CURTIS WOODHOUSE: The writing was on the wall for Rodgers

Personally I was not surprised to see Liverpool terminate Brendan Rodgers’ contract.
The gloves are off with Curtis WoodhouseThe gloves are off with Curtis Woodhouse
The gloves are off with Curtis Woodhouse

The writing had been on the wall for some time, a lot of the fans had decided that he wasn’t the right man for the job and being a football manager is often a popularity contest.

It gets difficult for a manager when you’ve got all these fans thinking that they can do a better job themselves and calling for you to go.

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This is actually quite rare at Liverpool, they aren’t a club that tend to go around sacking managers on a regular basis, and the fact that the crowd were voicing their discontent speaks volumes.

I’m not sure I can remember this happening before, so I think that tells you everything you need to know. Liverpool simply weren’t doing well enough under Rodgers and the fans were letting it be known that they’d had enough.

I don’t think that he can really have any complaints as he’s spent almost £300 million and he’s actually made Liverpool worse.

His side were miles away from the two Manchester clubs, Arsenal and even Chelsea – who are obviously struggling at the moment.

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They don’t score enough goals, they’re poor at the back, and Rodgers has made too many bad signings.

Dejan Lovren can’t defend, their goalkeeper Simon Mignolet can’t catch the ball, Mamadou Sakho is a liability and Daniel Sturridge has loads of talent but is so injury prone he makes Darren Anderton look indestructible.

There are many more examples of poor players he has signed and ultimately I think his transfer dealings are what have cost him.

I like some of the guys that he has brought in like James Milner and Nathaniel Clyne, they’re decent additions, but Rodgers has lost world class performers like Luis Suarez and Steven Gerrard and hasn’t replaced them with top players.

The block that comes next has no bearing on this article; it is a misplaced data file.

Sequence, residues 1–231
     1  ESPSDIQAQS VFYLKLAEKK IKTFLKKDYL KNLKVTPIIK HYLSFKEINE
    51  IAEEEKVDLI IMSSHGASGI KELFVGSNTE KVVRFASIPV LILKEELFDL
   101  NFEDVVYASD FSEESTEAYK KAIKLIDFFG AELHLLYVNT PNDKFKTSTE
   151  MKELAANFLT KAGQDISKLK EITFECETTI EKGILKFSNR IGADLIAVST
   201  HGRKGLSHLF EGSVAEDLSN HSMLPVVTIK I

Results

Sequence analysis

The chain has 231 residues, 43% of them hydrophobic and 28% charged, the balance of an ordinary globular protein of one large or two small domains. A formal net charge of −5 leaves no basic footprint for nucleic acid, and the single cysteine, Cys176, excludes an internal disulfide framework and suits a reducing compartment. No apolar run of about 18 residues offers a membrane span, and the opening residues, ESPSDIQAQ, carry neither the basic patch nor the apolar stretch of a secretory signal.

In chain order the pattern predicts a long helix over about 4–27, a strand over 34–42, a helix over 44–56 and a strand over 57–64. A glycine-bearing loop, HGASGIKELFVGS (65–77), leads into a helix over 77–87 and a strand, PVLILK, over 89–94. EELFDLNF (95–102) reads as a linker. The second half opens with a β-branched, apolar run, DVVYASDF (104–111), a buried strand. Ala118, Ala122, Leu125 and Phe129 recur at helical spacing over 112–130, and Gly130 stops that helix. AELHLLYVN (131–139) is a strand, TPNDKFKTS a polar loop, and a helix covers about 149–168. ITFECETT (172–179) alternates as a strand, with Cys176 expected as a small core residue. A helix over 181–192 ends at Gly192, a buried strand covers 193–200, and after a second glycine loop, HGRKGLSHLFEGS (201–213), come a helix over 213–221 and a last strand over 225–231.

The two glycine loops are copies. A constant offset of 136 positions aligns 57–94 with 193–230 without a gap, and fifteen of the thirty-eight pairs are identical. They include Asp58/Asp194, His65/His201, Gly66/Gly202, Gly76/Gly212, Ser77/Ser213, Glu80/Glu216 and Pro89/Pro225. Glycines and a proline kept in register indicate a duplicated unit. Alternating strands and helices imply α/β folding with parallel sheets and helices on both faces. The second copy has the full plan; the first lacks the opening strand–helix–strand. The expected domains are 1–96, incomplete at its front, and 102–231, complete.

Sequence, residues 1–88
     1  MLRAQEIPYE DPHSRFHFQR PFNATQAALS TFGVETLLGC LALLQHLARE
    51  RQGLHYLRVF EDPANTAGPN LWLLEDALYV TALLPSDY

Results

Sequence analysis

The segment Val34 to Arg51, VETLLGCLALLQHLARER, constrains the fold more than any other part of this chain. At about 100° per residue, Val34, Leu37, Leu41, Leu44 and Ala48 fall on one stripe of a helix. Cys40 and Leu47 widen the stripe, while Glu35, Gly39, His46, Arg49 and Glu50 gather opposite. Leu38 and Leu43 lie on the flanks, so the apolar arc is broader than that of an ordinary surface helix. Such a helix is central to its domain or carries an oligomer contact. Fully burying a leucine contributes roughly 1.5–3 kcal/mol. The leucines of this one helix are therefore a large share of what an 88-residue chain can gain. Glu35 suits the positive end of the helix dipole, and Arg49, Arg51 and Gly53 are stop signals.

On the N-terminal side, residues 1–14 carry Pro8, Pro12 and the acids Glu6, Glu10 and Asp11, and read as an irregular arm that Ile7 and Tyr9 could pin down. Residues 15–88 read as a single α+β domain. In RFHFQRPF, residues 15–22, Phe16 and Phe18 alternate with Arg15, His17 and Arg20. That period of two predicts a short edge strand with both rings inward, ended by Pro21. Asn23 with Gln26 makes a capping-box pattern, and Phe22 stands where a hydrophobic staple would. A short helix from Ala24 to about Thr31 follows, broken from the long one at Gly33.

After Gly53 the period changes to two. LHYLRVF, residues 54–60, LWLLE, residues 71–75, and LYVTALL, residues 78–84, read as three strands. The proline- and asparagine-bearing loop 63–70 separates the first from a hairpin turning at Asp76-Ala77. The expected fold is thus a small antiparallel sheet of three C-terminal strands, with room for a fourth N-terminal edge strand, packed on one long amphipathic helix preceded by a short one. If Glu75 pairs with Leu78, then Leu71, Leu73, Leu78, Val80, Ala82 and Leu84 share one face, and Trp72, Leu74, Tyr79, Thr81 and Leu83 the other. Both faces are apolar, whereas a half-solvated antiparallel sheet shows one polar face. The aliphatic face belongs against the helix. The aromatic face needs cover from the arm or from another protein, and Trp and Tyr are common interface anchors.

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That is why Liverpool have got worse under his stewarship. Could Rodgers argue that Ricky Lambert, Mario Balotelli and even Christian Benteke are suitable replacements for a forward of Suarez’s calibre?

I do have some sympathy for Rodgers, because I’m not convinced he’s had full control over all the players the club have signed during his tenure.

Losing a player of Suarez’s importance was always going to be tough too, and you have to give Rodgers credit for almost winning the title in 2013/14.

You also have to remember that Liverpool’s fans put a lot of pressure on him because in their minds they are still a big club who have to be winning trophies, when in reality they just aren’t that good any more.

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Jurgen Klopp has replaced Rodgers, and I expect he is going to find it tough because Liverpool don’t have a good side at the moment and they’re simply not a big enough club to compete with the very best these days.

A TOUGH, TOUGH GIG .............

Talking about some topics for my column last week got me thinking about the role of journeymen in the world of boxing.

The first thing I need to say about these fighters is that I have nothing but respect for them.

They have a tough, tough gig and they are the hardest breed of people walking the earth, in my opinion.

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The bottom line is, boxing is a business and without these guys, the sport simply wouldn’t be alive.

If you don’t sell tickets as a boxer then you get fed to the lions in this game.